Home » How President Ruto wins through Malala as Raila loses through Sifuna

How President Ruto wins through Malala as Raila loses through Sifuna

by Kenyan Report Editorial Board
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By: Onchari Oyieyo,

The position of Secretary General happens to be the most significant in any political party. The very nature of the SG’s position means that the occupant is the face of the party.

An energetic and inspiring SG leads to increased excitement that attracts more members thus strengthening a political party.

In 1960, Tom Mboya, one of Kenya’s brightest political leaders took over as Secretary General of the newly formed Kenya African National Union, KANU.

The high calibre of Mboya’s intellect set the tenor of KANU’s leadership and injected into the new party the significance that it has carried over the decades.

The National Alliance (TNA), would not stand the test of time given the colourlessness of its first SG, Mr. Onyango Oloo. Jubilee has had some of the most lukewarm secretaries general such as Raphael Tuju and Jeremiah Kioni, fellows who do not inspire any confidence whatsoever.

How about the two strongest parties of the moment, the United Democratic Alliance (UDA) and the Orange Democratic Movement (ODM)?

ODM’s Edwin Sifuna came in first before UDA’s Malala. But the differences in the parties’ current strengths give us a picture of the two youthful leaders. Raila’s ODM received no jolt of energy upon Sifuna’s ascendancy to the position.

Unlike the exciting and eloquent Ababu Namwamba who’s tenure as ODM SG was characterized by press statements rendered in lofty prose, poetic phraseology, and outstanding diction that left newsmen and the general public in awe and admiration, Sifuna comes off as a largely flat fellow with forced articulation.

Malala on the other hand seems to possess a natural knack for drama with free-flowing humour that squeezes laughter out of his listeners’ mouths.

But the differences between Malala and Sifuna that basically amount to the two parties’ competitive edge do not end with Sifuna’s stiffness and Malala’s easy humour.

As individual political drive goes, Sifuna is totally unable to survive away from Raila’s shadow. This is even astonishing given that the former Prime Minister is from a different tribal extraction, meaning that even after Raila’s exit from politics, Luhyas will find Sifuna alien.

Malala on the other hand has practiced political nomadism from personal adventure as a Member of the Kakamega County Assembly through the Senate, and finally his arguably formidable albeit unsuccessful bid for Kakamega County governorship.

Malala seems poised to weather political storms and survive whether on his own or under the tutelage of any senior politician. He adds value to whichever faction he goes unlike Sifuna who, at this very moment will add absolutely no value to any of the big political groupings in the country.

Perhaps the greatest difference that is also at the heart of the value each of these two bring to their respective political houses is in their personality.

Malala is a typical homeboy, jovial, easy going, and almost always approachable. He is the kind of guy boys in the hood will comfortably share personal struggles with, even when their lifestyles might be starkly different. This relatability is vital in attracting new members to UDA. ODM SG Hon.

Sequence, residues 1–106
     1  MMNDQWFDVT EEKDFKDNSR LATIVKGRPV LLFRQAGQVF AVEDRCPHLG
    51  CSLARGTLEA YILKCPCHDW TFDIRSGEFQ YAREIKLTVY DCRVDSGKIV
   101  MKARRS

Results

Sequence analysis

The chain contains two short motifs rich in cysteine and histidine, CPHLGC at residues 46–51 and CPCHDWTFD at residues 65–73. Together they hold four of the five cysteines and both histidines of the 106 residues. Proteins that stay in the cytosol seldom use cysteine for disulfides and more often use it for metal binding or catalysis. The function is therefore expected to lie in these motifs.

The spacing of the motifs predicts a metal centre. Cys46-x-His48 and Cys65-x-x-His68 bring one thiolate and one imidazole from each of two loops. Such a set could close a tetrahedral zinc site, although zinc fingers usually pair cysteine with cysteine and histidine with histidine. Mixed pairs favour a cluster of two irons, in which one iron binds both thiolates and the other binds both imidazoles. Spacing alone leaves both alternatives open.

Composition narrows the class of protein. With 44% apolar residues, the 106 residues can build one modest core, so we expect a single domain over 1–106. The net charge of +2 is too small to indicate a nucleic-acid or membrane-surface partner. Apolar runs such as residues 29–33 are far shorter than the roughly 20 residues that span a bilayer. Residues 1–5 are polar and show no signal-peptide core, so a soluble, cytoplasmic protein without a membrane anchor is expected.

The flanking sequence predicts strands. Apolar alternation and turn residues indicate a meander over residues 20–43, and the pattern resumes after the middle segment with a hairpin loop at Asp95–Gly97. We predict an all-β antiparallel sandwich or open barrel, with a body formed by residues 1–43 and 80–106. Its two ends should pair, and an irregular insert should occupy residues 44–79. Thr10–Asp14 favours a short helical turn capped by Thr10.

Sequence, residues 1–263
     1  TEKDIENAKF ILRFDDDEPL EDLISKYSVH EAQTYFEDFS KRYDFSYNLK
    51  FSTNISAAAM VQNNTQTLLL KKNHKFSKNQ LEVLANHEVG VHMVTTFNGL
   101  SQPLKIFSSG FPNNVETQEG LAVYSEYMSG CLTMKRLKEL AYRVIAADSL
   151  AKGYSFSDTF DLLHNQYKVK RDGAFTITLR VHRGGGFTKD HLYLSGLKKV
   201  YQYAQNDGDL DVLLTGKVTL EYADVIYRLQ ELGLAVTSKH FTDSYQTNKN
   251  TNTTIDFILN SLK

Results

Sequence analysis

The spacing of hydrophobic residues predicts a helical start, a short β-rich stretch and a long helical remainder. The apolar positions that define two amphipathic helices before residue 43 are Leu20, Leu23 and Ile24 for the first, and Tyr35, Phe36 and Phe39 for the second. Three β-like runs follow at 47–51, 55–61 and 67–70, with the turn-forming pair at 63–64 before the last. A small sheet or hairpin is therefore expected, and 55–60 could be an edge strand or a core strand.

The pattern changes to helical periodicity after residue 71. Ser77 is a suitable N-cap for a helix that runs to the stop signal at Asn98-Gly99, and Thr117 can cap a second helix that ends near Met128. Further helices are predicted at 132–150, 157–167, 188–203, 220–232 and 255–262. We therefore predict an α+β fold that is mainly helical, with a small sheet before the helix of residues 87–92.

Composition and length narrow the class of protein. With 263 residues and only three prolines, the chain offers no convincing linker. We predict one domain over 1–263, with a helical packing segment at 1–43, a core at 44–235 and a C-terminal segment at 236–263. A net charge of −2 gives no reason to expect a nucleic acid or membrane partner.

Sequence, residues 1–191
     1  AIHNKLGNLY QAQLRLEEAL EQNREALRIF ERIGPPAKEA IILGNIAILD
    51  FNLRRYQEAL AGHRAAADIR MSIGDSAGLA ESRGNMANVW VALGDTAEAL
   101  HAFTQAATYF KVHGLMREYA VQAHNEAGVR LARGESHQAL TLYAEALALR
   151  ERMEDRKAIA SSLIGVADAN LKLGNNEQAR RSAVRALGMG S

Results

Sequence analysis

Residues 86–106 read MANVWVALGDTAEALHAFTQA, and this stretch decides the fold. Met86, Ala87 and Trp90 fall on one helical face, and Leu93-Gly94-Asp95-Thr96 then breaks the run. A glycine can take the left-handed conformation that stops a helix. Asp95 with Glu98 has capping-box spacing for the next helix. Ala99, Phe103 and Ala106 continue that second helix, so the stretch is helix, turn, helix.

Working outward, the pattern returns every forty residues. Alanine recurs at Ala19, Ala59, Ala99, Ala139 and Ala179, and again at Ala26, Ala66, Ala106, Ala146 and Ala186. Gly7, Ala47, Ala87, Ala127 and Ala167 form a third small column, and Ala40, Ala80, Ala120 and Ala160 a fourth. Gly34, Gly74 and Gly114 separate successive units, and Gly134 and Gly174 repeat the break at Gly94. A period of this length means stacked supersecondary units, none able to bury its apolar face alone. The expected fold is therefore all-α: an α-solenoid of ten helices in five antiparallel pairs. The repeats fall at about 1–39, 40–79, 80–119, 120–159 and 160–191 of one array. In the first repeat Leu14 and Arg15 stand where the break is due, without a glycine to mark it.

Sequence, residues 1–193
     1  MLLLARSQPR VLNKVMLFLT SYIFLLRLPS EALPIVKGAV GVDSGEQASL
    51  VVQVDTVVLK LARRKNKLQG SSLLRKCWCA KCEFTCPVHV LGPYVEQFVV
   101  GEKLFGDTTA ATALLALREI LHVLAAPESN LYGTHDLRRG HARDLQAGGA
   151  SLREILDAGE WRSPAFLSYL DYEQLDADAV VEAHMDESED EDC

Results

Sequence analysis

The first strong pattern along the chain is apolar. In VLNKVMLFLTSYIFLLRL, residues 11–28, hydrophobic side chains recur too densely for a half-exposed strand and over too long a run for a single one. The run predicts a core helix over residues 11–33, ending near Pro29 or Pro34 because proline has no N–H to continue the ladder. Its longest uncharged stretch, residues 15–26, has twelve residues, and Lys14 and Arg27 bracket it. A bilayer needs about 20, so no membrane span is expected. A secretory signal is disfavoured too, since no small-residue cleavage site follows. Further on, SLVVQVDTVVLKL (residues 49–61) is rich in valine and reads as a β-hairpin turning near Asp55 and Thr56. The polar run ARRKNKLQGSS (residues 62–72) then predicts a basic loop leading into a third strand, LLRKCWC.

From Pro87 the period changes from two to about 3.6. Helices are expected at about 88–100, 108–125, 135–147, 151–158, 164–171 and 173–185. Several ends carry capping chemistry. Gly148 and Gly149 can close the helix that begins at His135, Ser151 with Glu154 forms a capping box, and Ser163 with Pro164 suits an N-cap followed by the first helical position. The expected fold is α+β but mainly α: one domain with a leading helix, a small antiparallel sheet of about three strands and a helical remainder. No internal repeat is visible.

Edwin Sifuna on the other hand passes for your elitist cool kid who has had limited intercourse with the everyday struggles of “hustlers.” He brings the stiff and serious demeanour to most public addresses and his speech is peppered with the arrogance of a “final declaration bearer” as opposed to a political leader out to win an argument through persuasion.

No wonder he employs extremely limited dialogue with the audience during rallies unlike Malala who possesses a penchant for starting sentences and letting the audience complete them for him, a tactic whose effect is passing on ownership of the discussion to the people.

That Raila Odinga himself is excellent at this method of delivery and Sifuna scores zero on it points to his inability to learn from his master.

As Raila Odinga’s age advances and William embarks on his possibly final leg of his political journey given that the presidency is the zenith, political party survival will hinge on other personalities, and UDA is at this moment positioned for supremacy. During his time as ODM SG, Ababu Namwamba injected both intellectual rigour that is evident in his smooth articulation and a wealth of language and youthful relatability through his authentic militancy, factors that sold ODM as the party of young people and ideologically grounded adults from any part of the country. Sifuna lacks all of these.

The only challenge the UDA SG might run into is lousy economic performance by the UDA regime. But if it performs even modestly, he is likely to not only strengthen his political brand, but also entrench the yellow party in a manner that will see it last through countless years, way beyond William Ruto’s decade as the country’s president.

Evidence of Malala’s enviable stamina is seen in how he shook and choked both Amani National Congress (ANC) and Ford Kenya with his bold declaration that they need to fold up now that their leaders are part and parcel of government. ANC, that had committed a fatal error of hiring a Luyha as SG quickly cracked while Ford Kenya squirmed into a tiny corner of political silence.

While the star of the game might be Malala, the real glow is with the manager who forwarded the star striker into the game, His Excellency President William Ruto. His hiring of Malala as UDA SG was a masterstroke. Will Raila be bold enough to replace Sifuna? If yes, with who? We shall see it all in the sands of time.

Onchari Oyieyo,

Award Winning Political Scientist.

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